“The source gave Sinofsky a Hotmail address that belonged to the French blogger (also not named) and said that the blogger was the person who had received the leaked software. Microsoft had already been interested in the blogger, but apparently, after the tip-off, the company’s security team did something that raised alarm bells with privacy advocates. Instead of taking their evidence to law enforcement, they decided to search through the blogger’s private messages themselves. Four days after Sinofsky’s tip-off, Microsoft lawyers ‘approved content pulls of the blogger’s Hotmail account,’ the court filings state.

“By trolling through the Hotmail email messages and MSN Messenger instant message logs, Microsoft learnt how Kibkalo and the blogger pulled off the leak, says Federal Bureau of Investigation special agent Armando Ramirez III, in an affidavit filed in connection with the case. Microsoft handed over the results of its investigation to the FBI in 2013, and Kibkalo was arrested on Wednesday.”

This, of course, created quite a stir among privacy advocates. So much so that the folks in Redmond on Thrusday announced a change of policy when it comes to riffling through people’s Hotmail accounts. They’re still going to do it, but in the future the company will publish stats regarding its breaking into people’s free Hotmail accounts. In other words, we’ll know just how much they do it.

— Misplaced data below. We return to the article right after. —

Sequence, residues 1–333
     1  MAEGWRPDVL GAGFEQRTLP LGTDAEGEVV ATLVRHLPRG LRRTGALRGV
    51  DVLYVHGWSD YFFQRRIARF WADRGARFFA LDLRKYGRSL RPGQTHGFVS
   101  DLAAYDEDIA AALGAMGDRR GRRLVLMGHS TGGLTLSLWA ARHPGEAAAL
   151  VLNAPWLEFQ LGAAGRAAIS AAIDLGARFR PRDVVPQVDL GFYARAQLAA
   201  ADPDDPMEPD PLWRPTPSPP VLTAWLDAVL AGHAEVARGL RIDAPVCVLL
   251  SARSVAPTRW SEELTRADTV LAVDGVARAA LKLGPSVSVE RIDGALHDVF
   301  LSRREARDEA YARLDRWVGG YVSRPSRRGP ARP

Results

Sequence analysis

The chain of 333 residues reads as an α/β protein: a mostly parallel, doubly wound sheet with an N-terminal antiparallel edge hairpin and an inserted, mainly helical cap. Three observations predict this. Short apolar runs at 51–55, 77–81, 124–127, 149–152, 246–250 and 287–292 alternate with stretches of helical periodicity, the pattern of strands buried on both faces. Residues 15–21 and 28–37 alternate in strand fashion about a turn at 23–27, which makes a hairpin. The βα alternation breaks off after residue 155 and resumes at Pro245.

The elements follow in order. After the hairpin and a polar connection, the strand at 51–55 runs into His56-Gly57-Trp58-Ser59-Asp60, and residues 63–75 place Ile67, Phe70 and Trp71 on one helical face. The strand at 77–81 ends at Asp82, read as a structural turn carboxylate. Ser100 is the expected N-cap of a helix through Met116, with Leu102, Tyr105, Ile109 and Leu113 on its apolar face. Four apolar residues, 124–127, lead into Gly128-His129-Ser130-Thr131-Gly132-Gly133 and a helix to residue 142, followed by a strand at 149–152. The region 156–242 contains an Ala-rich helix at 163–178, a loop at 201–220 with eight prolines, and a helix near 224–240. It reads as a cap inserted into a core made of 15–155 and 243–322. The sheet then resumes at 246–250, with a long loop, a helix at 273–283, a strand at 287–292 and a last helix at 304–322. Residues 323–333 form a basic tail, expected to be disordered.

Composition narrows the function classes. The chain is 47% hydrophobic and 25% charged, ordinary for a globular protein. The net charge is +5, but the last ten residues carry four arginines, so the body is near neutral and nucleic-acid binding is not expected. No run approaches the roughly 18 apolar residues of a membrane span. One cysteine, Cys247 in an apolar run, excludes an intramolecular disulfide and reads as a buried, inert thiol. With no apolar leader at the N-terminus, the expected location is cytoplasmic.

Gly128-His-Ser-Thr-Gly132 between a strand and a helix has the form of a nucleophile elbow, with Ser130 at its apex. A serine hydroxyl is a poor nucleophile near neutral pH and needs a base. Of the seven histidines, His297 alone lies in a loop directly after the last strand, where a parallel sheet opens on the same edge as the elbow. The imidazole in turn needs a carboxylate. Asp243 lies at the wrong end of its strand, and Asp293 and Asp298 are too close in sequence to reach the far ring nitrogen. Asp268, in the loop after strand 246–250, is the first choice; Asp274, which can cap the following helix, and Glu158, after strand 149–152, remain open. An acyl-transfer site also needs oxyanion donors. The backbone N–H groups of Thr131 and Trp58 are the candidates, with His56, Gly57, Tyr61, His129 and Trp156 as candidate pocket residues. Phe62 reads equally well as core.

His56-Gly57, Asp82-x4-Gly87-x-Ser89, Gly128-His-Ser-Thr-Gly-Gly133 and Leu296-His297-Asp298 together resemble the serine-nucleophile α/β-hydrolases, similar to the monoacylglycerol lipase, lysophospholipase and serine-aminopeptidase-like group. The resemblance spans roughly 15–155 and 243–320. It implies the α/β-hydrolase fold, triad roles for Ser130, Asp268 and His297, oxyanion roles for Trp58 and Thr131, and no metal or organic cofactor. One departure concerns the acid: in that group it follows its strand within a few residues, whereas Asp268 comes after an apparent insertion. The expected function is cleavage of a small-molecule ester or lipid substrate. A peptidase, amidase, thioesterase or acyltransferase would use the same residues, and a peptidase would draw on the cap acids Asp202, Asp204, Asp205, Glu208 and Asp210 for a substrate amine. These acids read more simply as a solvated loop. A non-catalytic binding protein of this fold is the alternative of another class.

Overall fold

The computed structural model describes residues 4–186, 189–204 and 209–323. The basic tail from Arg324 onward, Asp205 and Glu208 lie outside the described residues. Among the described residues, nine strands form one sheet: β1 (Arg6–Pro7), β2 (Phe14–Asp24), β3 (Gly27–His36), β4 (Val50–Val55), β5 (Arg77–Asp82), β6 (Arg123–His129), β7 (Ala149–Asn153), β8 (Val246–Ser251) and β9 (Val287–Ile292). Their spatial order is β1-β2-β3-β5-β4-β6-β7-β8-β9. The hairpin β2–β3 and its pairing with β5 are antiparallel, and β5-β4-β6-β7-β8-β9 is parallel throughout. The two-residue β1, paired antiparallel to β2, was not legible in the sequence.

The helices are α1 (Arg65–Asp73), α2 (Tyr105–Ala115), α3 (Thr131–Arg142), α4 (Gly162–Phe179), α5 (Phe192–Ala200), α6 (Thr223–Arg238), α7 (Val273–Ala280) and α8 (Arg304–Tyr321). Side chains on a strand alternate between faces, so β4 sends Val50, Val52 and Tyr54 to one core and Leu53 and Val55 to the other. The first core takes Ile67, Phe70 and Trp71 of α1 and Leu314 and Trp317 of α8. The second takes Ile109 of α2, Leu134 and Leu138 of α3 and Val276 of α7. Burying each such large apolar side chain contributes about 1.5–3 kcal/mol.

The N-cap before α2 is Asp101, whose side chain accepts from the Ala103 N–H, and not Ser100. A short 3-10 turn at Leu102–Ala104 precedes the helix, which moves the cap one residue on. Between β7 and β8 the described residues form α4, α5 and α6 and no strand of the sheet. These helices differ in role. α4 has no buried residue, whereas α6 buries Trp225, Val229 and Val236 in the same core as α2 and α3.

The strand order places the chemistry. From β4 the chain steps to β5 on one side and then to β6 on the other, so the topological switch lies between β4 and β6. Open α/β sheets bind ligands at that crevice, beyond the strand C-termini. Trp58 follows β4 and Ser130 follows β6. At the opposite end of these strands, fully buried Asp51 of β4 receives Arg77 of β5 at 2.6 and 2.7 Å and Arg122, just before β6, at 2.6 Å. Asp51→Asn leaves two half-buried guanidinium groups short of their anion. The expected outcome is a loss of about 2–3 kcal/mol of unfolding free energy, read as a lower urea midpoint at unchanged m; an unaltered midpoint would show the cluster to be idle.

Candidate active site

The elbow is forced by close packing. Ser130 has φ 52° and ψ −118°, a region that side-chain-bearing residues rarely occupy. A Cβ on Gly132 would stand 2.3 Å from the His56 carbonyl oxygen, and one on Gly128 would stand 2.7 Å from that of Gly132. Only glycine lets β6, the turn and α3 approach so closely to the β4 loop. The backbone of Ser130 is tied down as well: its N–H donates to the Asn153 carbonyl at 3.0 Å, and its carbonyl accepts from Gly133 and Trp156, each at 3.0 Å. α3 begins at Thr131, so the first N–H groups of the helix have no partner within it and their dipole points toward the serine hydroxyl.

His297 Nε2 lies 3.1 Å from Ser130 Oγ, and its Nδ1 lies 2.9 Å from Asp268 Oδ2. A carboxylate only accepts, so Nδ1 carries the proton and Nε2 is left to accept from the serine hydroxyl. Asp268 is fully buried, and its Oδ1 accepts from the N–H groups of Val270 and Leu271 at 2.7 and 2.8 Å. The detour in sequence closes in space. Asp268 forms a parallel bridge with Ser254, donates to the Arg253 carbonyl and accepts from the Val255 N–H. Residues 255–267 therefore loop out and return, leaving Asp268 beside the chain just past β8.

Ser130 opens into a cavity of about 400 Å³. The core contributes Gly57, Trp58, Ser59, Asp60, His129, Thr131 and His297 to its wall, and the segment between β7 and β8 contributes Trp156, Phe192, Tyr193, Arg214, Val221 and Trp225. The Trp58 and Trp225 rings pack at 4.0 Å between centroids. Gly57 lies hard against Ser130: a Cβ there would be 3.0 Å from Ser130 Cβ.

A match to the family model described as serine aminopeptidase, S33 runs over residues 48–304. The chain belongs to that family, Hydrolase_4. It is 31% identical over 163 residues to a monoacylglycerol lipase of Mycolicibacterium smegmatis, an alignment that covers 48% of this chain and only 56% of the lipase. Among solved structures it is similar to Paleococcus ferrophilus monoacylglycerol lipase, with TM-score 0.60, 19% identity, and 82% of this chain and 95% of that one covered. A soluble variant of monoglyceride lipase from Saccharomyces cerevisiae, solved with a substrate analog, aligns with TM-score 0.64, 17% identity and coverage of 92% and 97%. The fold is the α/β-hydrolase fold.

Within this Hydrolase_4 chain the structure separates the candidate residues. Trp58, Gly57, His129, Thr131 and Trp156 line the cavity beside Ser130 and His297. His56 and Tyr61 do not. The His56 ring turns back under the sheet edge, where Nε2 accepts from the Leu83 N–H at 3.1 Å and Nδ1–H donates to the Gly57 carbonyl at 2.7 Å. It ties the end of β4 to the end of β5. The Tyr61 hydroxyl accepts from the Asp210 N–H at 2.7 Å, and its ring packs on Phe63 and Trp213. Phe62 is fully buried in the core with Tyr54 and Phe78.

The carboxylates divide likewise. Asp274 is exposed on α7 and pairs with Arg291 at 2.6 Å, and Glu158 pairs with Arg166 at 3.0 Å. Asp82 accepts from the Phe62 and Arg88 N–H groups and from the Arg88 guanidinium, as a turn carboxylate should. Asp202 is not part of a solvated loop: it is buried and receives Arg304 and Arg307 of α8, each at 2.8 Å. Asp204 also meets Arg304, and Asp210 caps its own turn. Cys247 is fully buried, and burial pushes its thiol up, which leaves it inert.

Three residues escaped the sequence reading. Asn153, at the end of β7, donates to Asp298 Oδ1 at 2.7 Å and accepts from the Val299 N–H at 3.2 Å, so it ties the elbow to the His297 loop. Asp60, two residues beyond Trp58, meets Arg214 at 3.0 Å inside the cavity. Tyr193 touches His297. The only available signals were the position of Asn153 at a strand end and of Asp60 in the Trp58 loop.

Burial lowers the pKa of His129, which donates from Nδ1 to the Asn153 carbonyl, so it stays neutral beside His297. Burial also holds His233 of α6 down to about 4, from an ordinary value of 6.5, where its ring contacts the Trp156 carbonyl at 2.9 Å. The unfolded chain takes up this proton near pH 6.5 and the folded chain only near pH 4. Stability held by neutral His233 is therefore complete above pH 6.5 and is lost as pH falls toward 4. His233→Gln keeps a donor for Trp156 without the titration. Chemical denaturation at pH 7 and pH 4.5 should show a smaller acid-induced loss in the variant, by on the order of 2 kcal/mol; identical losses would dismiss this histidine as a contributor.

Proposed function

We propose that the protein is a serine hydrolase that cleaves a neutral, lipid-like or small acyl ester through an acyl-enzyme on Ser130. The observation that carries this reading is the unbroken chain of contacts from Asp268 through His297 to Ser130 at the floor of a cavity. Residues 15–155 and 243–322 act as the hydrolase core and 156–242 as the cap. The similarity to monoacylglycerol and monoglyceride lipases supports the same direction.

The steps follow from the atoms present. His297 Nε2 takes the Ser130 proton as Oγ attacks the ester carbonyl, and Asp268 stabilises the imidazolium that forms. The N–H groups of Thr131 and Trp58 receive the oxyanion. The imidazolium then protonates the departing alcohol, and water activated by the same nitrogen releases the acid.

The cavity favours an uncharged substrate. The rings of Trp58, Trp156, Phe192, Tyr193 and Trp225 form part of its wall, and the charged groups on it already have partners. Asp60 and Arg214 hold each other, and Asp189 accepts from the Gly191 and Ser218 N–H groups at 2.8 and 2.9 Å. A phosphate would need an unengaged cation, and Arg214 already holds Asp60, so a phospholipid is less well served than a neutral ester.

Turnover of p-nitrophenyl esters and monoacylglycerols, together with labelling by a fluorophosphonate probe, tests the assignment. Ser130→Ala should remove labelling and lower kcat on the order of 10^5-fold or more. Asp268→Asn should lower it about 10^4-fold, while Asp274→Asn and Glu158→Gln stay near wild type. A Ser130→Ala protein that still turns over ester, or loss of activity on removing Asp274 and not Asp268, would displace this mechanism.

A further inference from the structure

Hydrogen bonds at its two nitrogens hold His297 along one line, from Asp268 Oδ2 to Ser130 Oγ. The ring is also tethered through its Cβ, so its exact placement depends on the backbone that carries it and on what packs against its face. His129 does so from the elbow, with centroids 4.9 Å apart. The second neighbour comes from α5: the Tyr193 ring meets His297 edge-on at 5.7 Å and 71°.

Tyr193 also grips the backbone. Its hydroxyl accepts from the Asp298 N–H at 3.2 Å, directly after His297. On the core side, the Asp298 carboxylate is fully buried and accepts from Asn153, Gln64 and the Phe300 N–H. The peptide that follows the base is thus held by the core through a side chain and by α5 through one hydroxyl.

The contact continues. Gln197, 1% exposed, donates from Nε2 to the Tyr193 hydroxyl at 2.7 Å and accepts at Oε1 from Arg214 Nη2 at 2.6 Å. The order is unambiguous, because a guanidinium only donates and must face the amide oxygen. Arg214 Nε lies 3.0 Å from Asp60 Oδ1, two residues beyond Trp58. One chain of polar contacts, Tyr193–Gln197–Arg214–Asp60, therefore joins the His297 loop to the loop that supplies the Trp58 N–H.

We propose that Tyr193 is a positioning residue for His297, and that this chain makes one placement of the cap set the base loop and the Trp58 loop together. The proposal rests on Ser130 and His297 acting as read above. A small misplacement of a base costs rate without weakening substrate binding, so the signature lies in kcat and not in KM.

Meeting Windows User Expectations With Linux

There has been a lot of talk in the past month over the looming doom of Windows XP. Microsoft will be pulling the life support plug on XP on April 8th this year. There are plenty of folks a bit jittery about this and those jitters are justifiable.

Microsoft Windows XP has undoubtedly been the longest running Windows operating system to date. Microsoft has extended the deadline for killing XP a couple of times. Now it appears there will be no stay of execution for the aging OS.

Even with all the publicity and news about the demise of XP, it’s gonna be a problem. A big problem.

Ken Starks is the founder of the Helios Project and Reglue, which for 20 years provided refurbished older computers running Linux to disadvantaged school kids, as well as providing digital help for senior citizens, in the Austin, Texas area. He was a columnist for FOSS Force from 2013-2016, and remains part of our family. Follow him on Twitter: @Reglue

Time Warner’s Live Chat Doesn’t Speak Linux

Monopolies are like porn. I can’t describe one to you but I know one when I see it. OK, so maybe the term monopoly is technically incorrect in this instance…but not by much. In my area of service it’s Time Warner Roadrunner, AT&T DSL or nothing. While there is competition, there isn’t anyone that can deliver the same speeds as Time Warner, making the price difference between the two services make sense.

The idealist would say that this is a good situation. There are products to serve almost everyone, regardless of income. You get what you pay for and when you pay less you should expect to receive less.

Ken Starks is the founder of the Helios Project and Reglue, which for 20 years provided refurbished older computers running Linux to disadvantaged school kids, as well as providing digital help for senior citizens, in the Austin, Texas area. He was a columnist for FOSS Force from 2013-2016, and remains part of our family. Follow him on Twitter: @Reglue